A: Whenever possible, mix as you track. I am a firm believer that mixing as you go will inform the composition by revealing parts that are needed or that can be eliminated, which makes the work from more efficient and allows a quicker and more precise mixing period when the time comes.
Q: What type of music do you usually work on?
A: The majority of my projects have been in two very different genres: Americana singer-songwriter and Hard Rock. The reason I have specialized in these two niches is that that is where my interests lie as a performer, so it comes to my as second nature.
Q: What's your strongest skill?
A: I have a special gift of hearing and adding unique quirks to any material to make it different from everything else in the market. If your intention is to sound like somebody else, I may not be the producer for you; if on the other hand, you want to stand out as unique in the market, I can definitely help you fulfill that vision.
Q: What do you bring to a song?
A: I have 40 years of experience as a musician in a variety of genres and as such I have a solid grasp of what makes each genre unique and sonically appealing. I am versed enough in the studio equipment to be able to manipulate recordings to meet these sound expectations, and as a musician and songwriter I can also provide as different perspective for creative input into the material for the artist. I will NOT impose my vision on an artist, I will only advise on what I think will work best, but ultimately it will be an artist decision as it is their product.
Q: What's your typical work process?
A: The first studio appointment, for which I don't charge, is designed to get a better grasp of the artist's vision, likes and dislikes, preferred working methods, etc. My approach is to make the artist as comfortable as possible so that they allow themselves to be vulnerable in my presence and take chances they may not otherwise take. I like to set up a rough reference track with just a guitar and vocals to get a sense of teh feel of the songs, establish a target tempo, etc. After that, depending on the song's orchestration, I may program basic rhytym tracks (drums, bass and guitar), and build from there. If the band wants to lay down full band live tracks as a basis, I will take them to J Street recording studio in Sacramento, where we can record live, and then I take the tracks to my studio and work them up from there. I like to mix as I record so by the time the trakcing is done, there is a pretty good rough mix of the material, which reduces the mixing time significantly later down the chain. Once I am satisfied I have a solid first mix, I share it with the artist and preferrably meet with them for a lsitening session to get feedback. This happens at least once more in the process as I don't like to go to mastering until the artist is really happy with the mix. The final step of the process is the mastering, during which I prepare the material for the ultimate format it will be released in (MP3, CD, Vinyl or a combination of these), and make sure the material meets the sonic aesthetics discussed with the artist, whether that be lo-fi, garage, or high fidelity or anything in between.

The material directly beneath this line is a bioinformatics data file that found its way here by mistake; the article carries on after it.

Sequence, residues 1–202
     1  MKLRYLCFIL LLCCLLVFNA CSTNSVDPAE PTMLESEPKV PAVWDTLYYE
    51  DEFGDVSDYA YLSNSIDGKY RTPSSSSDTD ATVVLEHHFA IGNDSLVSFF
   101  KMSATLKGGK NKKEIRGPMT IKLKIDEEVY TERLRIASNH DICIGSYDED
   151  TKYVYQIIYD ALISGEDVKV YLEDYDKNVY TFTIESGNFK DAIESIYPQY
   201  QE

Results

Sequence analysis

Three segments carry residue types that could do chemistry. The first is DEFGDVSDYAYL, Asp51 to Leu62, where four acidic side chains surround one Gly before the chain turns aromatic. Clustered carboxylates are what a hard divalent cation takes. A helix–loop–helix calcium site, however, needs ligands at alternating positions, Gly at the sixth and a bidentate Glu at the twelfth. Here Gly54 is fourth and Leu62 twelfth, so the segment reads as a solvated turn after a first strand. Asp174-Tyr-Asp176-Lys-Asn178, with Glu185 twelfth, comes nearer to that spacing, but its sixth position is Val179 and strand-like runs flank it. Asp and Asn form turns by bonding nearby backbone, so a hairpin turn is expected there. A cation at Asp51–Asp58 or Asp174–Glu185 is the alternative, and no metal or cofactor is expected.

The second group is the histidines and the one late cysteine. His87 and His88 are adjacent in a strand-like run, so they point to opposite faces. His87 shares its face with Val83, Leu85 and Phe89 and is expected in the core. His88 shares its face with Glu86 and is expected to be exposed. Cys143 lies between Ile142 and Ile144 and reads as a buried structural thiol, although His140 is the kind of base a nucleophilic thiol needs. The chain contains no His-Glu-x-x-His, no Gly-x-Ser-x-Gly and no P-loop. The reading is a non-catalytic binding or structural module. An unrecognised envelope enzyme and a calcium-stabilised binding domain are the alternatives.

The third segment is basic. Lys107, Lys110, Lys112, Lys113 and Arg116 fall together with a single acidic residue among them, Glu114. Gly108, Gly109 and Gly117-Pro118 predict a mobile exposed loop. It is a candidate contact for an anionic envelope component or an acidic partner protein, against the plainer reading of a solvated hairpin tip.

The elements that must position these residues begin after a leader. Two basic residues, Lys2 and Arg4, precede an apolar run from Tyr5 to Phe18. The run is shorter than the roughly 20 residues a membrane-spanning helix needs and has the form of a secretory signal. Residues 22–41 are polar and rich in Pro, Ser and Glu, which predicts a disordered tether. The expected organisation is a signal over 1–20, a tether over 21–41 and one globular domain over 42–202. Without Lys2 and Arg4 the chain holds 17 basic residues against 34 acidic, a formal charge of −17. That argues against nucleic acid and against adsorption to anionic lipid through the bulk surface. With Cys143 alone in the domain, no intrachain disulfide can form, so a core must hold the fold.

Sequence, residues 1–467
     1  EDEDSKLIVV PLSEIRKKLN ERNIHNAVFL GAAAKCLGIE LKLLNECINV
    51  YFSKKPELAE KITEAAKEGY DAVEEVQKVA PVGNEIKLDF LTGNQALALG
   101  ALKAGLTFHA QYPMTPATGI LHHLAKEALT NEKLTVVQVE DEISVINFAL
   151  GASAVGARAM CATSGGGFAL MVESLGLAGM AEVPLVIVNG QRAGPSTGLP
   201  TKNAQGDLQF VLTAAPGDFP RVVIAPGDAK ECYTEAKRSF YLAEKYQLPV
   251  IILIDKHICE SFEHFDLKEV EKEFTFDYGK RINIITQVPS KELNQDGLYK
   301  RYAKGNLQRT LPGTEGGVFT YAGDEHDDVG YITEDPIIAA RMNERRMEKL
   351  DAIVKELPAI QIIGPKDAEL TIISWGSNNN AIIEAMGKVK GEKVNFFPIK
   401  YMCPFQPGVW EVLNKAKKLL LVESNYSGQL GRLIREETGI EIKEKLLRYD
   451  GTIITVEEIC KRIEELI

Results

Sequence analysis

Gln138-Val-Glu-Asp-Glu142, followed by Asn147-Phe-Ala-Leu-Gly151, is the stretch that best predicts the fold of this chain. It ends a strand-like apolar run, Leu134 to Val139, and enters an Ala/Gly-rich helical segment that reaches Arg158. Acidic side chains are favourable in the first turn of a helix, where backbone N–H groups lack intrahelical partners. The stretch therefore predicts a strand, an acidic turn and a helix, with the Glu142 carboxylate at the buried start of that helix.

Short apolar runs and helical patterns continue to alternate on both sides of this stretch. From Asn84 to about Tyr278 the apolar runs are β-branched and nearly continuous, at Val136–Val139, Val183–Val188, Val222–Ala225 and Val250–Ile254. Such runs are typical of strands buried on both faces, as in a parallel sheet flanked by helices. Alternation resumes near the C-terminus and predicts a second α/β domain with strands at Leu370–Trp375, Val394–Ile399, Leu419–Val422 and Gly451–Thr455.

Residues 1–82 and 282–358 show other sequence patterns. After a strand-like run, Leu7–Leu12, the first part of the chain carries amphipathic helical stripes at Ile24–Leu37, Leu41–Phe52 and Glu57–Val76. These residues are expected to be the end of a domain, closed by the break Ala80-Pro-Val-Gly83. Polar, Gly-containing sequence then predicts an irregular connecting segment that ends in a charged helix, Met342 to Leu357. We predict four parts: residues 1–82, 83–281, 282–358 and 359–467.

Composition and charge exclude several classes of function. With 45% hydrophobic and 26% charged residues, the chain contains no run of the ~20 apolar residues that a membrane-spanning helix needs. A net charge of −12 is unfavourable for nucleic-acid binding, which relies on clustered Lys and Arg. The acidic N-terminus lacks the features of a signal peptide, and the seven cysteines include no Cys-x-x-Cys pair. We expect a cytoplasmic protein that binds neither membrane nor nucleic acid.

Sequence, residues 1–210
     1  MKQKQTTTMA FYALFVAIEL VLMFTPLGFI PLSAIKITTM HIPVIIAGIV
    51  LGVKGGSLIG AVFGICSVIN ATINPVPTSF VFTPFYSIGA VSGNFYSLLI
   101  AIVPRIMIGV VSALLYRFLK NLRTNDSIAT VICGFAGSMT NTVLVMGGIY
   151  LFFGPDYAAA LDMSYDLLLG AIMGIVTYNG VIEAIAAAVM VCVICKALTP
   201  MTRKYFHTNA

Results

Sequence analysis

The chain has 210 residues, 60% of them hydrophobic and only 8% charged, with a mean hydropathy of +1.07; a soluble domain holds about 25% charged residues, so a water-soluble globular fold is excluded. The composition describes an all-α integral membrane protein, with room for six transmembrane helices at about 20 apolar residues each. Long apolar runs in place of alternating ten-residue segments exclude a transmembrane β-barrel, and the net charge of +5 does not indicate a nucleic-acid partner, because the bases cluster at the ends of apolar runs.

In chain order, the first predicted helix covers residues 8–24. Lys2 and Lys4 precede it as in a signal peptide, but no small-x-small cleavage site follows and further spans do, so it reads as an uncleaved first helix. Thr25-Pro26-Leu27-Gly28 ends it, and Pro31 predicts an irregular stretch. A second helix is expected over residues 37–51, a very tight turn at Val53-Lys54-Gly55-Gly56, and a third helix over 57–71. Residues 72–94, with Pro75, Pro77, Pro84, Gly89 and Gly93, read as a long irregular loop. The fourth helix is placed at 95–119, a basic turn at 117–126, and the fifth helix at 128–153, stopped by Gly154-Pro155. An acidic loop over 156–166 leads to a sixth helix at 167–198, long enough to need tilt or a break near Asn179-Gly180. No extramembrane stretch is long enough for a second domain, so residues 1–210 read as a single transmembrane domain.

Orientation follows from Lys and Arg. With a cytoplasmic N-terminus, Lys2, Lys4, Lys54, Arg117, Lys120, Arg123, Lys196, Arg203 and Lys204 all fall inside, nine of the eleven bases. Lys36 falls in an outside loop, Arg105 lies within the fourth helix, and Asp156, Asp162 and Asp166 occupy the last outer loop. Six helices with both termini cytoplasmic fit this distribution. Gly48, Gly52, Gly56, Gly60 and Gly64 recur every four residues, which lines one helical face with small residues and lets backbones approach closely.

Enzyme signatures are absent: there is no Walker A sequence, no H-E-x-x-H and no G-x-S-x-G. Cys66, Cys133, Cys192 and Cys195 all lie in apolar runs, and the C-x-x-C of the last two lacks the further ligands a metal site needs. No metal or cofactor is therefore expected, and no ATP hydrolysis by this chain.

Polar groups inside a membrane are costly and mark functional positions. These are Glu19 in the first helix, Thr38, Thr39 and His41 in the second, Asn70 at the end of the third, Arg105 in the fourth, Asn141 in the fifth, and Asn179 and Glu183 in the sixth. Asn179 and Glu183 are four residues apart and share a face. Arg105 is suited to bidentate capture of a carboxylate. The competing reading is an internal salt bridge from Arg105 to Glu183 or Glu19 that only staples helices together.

Q: Tell us about your studio setup.
A: I have a small studio designed for mixing and mastering in which I can also do limited tracking activities (except for live drums or full band). I have worked out preferential rates with a proper studio owned by the guys from the band Tesla, where I can send my clients for full band live tracking or drums tracking if necessary. I can work in either Pro Tools or Cubase and do all of my mixing "in the box," just like my mentor Andrew Scheps.
Q: What other musicians or music production professionals inspire you?
A: I am a huge fan of Andrew Scheps and of Rick Rubin.
Q: Describe the most common type of work you do for your clients.
A: As a producer for most of my clients I serve as a defacto Project Manager for the recording project. I set up a project plan, schedule and budget that considers all necessary resources to complete the artist's vision, and then I manage it to ensure the project does not overrun the budget or the schedule. I also provide creative input and often serve as recording, mixing and mastering engineer for the project or any combination of those services needed.